Who Has the Right to a Census Count of Citizens? What Is That Right?
By Michael L. Rosin
On July 11 Donald Trump told the nation “We will defend the right of the American people to know the full facts about the population size of citizens and non-citizens in America.” Later on in the speech he said “The Supreme Court ultimately affirmed our right to ask the citizenship question.”
Whose right is that and what is that right?
To begin with it is not the government’s right as Trump suggested in his second pronouncement quoted above. The government has no rights. It has powers, as Jefferson explained in the Declaration of Independence.
“Governments … deriv[e] their just powers from the consent of the governed.”
Nor do any government officials have a right “to know the full facts about the population size of citizens and non-citizens in America.” Donald Trump and Wilbur Ross possess no more rights than I do. President Trump and Secretary of Commerce Ross possess great powers by virtue of the offices they hold and the Court’s Citizenship Question case can be understood as deciding that by violating the Administrative Procedures Act Secretary Ross had not received the consent of the governed to exercise his power to place the citizenship question on the census form.
If the right “to know the full facts about the population size of citizens and non-citizens in America” does not belong to the government or any of its officials then it must be possessed by persons individually and/or in some aggregate form.
The Ninth Amendment recognizes that “The enumeration in the Constitution, of certain rights, shall not be construed to deny or disparage others retained by the people.” Nevertheless, I find it hard to construe any form of such a right to know the citizen/non-citizen count as an individual personal right on par with the right to free speech or the right to bear arms.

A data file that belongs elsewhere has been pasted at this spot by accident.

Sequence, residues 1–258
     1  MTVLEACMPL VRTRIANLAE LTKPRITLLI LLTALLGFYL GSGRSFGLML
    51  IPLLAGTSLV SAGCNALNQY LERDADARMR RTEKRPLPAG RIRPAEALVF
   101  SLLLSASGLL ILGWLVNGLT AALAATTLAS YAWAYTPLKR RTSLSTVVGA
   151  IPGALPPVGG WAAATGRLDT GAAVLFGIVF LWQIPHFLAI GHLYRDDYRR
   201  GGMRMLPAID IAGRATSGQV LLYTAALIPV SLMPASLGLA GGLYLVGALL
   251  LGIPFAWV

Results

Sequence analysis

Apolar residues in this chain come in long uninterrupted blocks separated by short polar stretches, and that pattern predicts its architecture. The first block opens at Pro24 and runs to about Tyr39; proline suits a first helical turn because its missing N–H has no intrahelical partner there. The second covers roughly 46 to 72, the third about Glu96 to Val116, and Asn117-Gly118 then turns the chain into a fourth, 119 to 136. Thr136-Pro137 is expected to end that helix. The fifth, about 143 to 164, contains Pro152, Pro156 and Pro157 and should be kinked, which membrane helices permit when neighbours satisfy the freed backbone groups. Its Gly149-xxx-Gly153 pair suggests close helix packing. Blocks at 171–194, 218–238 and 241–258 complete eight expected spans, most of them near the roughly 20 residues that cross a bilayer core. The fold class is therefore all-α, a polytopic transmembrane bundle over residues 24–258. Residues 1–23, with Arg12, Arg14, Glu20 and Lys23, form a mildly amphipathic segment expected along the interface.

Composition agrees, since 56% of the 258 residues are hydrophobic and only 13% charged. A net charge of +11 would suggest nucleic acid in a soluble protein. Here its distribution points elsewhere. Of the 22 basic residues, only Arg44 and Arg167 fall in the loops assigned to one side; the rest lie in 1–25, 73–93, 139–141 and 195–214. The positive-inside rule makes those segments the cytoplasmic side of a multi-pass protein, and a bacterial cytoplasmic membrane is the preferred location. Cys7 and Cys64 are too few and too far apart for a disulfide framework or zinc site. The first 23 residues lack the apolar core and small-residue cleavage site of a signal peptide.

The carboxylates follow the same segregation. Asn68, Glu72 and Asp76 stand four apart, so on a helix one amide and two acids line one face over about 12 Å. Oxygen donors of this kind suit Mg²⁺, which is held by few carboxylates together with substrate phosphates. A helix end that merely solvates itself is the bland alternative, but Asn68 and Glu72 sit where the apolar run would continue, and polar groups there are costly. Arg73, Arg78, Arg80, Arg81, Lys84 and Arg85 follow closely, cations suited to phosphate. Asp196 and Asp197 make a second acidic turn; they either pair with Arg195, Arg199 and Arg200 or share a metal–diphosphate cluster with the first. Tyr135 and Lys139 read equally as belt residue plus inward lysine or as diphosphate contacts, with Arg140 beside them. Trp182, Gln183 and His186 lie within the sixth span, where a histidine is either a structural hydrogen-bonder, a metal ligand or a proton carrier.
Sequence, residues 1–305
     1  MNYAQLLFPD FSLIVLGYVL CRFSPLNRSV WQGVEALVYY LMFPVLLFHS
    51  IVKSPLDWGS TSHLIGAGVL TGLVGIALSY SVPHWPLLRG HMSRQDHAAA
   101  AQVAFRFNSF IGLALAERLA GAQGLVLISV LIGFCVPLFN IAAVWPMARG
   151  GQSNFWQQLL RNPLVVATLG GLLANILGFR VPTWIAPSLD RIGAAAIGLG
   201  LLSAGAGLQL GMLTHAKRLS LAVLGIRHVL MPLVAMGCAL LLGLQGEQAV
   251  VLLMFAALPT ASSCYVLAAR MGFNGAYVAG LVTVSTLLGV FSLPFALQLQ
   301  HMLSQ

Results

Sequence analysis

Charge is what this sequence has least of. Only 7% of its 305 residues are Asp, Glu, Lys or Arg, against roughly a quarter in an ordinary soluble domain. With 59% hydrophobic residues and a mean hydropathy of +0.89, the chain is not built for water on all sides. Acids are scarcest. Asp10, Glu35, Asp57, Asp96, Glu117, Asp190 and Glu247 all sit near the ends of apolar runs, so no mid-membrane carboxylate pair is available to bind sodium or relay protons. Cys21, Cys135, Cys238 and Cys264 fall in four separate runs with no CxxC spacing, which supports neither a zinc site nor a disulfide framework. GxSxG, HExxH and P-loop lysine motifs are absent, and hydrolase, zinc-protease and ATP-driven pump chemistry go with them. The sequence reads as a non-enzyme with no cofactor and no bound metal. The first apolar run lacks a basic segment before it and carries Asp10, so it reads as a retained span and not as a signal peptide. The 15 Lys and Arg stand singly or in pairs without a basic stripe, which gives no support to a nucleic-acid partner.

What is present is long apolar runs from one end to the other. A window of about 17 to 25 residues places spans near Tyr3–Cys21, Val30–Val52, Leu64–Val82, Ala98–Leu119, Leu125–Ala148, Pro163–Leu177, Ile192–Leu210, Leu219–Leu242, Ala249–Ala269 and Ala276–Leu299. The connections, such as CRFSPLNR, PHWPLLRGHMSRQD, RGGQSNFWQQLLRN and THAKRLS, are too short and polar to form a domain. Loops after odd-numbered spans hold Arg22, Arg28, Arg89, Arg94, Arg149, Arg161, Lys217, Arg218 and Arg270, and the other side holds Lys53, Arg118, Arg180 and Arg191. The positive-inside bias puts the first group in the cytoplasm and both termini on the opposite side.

The right involved here is the right of the people of each state to a constitutional apportionment of the House of Representatives, both among the states and within each state.
In So You Want to Enforce Section 2 of the Fourteenth Amendment? I argued that three pieces of data are needed to determine the constitutional apportionment basis for each state:
- the total number of persons in the state,
- the number of adult citizens in the state, and
- the number of adult citizens in the state whose voting rights have been denied or abridged.
I also argued that (3) has value without (2) but (2) has no value without (3).
In What Role Can Citizenship Data Play in the Apportionment of the U.S. House of Representatives? I argued that citizen count can be used as a second variable to be equalized when drawing House districts in a state but they must first be drawn so that they have an equal number of persons.
There is a right to know how many adult citizens and non-citizens there are in each state. It is coupled with but subordinate to the right to know how many adult citizens there are in each state whose voting rights have been denied or abridged. Both are subsidiary to the right to a constitutional apportionment of the House of Representatives among the states.
These are rights possessed by the people of each state. Not just the citizens of each state, but everyone represented in the House of Representatives, namely all the people of each state.
Michael L. Rosin is a guest contributor and a constitutional historian. He is the author of amicus briefs in Equal Citizens’ Equal Electors litigation in Colorado and Washington. He can be reached at email@example.com.